• The main threat to any organisation is from within – its staff.  Cyber espionage whether criminal or run of the mill occurs with 000s of threats/hacks on daily/ weekly basis in US gov departments.
• Recommendation – need sound security practices
• Can take 2 years from selection of cloud partner to implementation.
• Budget and procurement cycles.
• Gov has to have back up plan to keep services going if all falls down
• Gov now has Cloud first policy – strategic decision in outsourcing.
• Closing vision piece – need more science and technology women coming through in sector. Headcount in room 5 out of 100 in theatre.

dawn leaf


Overground underground wandering free?

Travelling to London for this week’s CloudExpo2015 at Excel, it was fascinating to do a quick spot check on the variety of devices used by commuters on the train and then the tube.

Around our section of 8 separate travellers sitting across two tables journeying on South West Trains into London Waterloo, there was a lot of technology on show.  Accompanying our little sample were two Mac iBook Airs, three iPads, one HP laptop, one Lenovo Think Pad, one Windows phone, one person read the paper and one person slept.  One commuter (working for a Financial Conduct Authority according to the asset label on their laptop) juggled three devices during the journey.  And then somewhat alarmingly, the gentleman sitting directly opposite worked away on his laptop oblivious about the fact that laptop monitor showed a post it note confirming his antivirus, VPN setting and login.  Truly further education needed about keeping a device secure, especially if it is not your own.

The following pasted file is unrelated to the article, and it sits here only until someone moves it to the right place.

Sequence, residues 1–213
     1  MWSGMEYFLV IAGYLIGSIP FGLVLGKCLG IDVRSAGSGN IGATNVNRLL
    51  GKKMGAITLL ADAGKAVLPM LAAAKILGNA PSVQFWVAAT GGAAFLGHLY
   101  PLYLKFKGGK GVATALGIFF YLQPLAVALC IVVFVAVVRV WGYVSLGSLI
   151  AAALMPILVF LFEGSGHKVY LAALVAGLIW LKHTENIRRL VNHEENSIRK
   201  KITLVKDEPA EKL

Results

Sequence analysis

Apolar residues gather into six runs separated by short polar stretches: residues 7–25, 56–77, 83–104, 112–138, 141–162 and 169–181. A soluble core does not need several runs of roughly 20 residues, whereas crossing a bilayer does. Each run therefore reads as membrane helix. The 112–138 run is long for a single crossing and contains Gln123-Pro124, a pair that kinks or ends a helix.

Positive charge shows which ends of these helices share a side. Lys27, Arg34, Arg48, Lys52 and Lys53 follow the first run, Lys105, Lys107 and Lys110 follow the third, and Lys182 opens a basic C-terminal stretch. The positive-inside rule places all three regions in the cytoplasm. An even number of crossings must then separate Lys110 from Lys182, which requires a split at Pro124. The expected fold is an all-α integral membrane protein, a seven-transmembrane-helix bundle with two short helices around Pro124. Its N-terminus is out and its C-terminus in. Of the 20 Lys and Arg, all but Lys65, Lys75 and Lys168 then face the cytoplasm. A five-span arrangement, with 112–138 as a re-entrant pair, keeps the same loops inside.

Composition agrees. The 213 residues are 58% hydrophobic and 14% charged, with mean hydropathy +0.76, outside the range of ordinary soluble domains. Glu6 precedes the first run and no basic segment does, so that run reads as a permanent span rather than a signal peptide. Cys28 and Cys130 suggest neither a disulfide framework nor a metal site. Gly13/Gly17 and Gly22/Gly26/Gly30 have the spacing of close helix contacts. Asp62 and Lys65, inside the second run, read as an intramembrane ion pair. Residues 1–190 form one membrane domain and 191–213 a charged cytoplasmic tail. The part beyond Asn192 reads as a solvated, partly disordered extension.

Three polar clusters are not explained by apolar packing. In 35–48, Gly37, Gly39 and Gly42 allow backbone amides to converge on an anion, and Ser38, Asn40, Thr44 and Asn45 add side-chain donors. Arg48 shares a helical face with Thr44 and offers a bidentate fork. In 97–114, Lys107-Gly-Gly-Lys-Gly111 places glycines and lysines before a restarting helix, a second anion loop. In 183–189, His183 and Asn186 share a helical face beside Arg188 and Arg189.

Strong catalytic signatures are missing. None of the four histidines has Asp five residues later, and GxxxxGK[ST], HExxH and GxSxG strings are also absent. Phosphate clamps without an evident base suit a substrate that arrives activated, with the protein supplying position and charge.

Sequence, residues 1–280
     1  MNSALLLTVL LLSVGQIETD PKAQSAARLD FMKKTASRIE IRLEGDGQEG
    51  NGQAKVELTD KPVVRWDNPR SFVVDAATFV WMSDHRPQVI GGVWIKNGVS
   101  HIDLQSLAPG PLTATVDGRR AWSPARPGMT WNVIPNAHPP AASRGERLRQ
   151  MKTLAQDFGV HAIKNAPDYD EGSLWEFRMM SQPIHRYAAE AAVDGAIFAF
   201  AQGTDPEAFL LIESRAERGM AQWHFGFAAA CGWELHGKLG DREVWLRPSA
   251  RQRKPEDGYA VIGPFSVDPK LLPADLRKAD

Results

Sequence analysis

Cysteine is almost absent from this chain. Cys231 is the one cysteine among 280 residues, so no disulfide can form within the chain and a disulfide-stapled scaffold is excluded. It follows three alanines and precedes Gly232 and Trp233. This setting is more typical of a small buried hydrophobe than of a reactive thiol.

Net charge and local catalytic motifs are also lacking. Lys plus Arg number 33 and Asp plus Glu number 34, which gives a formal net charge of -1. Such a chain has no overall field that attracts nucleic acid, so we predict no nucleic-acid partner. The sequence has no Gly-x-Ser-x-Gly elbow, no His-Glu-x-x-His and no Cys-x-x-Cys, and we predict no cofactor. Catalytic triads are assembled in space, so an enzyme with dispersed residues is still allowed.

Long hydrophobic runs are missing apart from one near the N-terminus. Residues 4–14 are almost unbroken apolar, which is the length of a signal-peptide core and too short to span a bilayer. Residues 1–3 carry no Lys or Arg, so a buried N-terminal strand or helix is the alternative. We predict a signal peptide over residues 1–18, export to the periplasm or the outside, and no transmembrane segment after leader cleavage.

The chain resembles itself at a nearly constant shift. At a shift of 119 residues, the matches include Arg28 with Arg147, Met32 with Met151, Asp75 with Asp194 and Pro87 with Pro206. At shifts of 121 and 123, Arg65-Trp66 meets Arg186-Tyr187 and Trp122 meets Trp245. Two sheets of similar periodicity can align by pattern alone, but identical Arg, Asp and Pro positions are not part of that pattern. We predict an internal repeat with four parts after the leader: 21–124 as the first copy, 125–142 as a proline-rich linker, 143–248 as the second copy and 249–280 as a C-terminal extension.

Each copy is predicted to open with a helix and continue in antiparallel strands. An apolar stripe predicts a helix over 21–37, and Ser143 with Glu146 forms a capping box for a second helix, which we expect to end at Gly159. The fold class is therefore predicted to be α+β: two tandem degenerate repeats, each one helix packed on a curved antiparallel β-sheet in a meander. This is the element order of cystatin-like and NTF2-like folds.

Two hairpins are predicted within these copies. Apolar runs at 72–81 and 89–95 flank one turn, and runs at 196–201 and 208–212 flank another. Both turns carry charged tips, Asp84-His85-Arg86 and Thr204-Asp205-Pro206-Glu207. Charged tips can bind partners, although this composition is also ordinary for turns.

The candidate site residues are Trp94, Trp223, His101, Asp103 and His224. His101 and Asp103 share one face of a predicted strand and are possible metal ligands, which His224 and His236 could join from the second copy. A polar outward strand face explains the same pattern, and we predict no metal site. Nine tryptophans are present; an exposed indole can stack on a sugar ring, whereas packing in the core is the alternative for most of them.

A short while later on the underground, there was no less by way of volume of devices.  The tube carriage with 14 seats facing each other, had 10 people variously using smartphones and iPhones whilst the size of luggage carried indicated tablets, iPads and laptops were being taken along for the ride. The remaining four read the freebie Metro newspaper.

Clearly society is very comfortable today with technology, certainly more comfortable having it as a barrier to avoid engaging with a neighbour en route.  The difference on show was that everything went decidedly smaller as we went underground to suit the environment and the sense of enclosed space.  This reliance on technology will only increase in future as our desire to have technology whilst on the move and to stay connected ramps up.  In contrast, the technology will get smaller, lighter and faster as devices and technology are completely interwoven into every part of our lives both during and outside work.